Child's, The English And Scottish Ballads

Volume 2 of 8 from 1860 edition

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A FBAGMENT of this fine ballad (which is common­ly called The Cruel Knight) was published by Herd, (L 222,) and also by Pinkerton, (Select Scottish Bal­lads, i. 69,) with variations. Finlay constructed a nearly complete edition from_two recited copies, but suppressed some lines. (Scottish Ballads, ii. 72.) The present copy is one which Motherwell obtained from recitation, with a few verbal emendations by that editor from Finlay's.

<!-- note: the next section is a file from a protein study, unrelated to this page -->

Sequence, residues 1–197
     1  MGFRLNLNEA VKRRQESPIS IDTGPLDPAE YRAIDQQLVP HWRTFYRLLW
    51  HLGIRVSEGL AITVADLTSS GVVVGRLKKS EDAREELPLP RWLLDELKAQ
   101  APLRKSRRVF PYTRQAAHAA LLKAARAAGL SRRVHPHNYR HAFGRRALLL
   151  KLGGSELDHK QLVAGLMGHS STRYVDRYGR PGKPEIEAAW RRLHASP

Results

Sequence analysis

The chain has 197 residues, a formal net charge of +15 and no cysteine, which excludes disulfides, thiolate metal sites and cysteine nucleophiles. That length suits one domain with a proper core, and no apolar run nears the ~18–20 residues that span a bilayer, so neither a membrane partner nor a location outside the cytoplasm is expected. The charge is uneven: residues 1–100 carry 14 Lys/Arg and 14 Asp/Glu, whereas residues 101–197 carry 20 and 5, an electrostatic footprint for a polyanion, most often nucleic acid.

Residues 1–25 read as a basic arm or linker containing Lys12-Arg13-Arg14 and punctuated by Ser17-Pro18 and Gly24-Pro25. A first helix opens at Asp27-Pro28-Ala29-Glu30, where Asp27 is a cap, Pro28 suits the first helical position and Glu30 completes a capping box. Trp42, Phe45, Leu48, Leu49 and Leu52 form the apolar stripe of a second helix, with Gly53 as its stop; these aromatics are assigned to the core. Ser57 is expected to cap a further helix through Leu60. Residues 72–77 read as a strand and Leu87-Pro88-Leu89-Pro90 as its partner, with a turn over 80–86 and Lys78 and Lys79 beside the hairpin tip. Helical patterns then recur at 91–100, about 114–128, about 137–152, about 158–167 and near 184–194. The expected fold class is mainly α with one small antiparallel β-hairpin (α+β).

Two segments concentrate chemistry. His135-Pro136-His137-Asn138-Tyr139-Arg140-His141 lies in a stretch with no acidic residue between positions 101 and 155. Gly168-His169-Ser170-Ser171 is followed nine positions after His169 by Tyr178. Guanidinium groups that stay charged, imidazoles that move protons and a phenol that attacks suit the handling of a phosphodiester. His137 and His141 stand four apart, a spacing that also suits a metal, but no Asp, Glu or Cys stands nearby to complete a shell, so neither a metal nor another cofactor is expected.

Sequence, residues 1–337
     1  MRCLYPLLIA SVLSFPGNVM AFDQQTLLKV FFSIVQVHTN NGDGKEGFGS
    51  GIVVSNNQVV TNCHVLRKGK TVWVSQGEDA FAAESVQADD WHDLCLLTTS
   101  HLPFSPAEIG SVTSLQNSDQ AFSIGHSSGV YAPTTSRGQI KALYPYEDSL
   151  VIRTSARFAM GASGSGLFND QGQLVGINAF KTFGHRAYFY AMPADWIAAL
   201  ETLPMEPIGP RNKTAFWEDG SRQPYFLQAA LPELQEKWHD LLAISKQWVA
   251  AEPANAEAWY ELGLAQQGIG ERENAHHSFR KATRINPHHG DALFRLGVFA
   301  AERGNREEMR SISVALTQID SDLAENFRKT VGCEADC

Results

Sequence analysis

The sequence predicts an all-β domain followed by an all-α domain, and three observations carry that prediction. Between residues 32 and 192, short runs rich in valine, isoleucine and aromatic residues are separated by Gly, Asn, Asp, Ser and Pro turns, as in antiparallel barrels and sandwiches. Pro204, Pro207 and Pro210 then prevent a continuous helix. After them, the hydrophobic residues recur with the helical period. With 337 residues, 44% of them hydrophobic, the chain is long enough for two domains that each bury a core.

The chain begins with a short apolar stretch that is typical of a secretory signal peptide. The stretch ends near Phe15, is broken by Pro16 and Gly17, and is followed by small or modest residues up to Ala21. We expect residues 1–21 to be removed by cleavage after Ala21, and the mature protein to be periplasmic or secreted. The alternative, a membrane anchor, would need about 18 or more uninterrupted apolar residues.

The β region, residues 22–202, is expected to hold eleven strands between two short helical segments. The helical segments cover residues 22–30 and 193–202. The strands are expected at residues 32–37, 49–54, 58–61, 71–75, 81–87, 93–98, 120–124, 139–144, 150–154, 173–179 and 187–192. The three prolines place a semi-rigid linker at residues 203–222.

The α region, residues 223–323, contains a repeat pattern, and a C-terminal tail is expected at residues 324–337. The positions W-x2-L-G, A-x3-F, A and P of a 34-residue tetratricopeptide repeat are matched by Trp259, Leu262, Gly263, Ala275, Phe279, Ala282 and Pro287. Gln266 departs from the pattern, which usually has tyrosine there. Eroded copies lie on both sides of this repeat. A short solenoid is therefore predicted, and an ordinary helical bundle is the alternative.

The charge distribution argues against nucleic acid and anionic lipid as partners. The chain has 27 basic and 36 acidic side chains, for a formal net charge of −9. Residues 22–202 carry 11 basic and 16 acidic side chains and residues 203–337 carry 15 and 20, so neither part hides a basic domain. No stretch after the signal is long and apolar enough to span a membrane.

With respect to the sudden and strange catastrophe, Motherwell remarks:—
" The reciters of old ballads frequently supply the best commentaries upon them, when any obscurity or want of connection appears in the poetical narrative. This ballad, as it stands, throws no light on young Johnstone's motive for stabbing his lady; but the per­son from whose lips it was taken down alleged that the barbarous act was committed unwittingly, through young Johnstone's suddenly waking from sleep, and, in that moment of confusion and alarm, unhappily mis­taking his mistress for one of his pursuers. It is not improbable but the ballad may have had, at one time,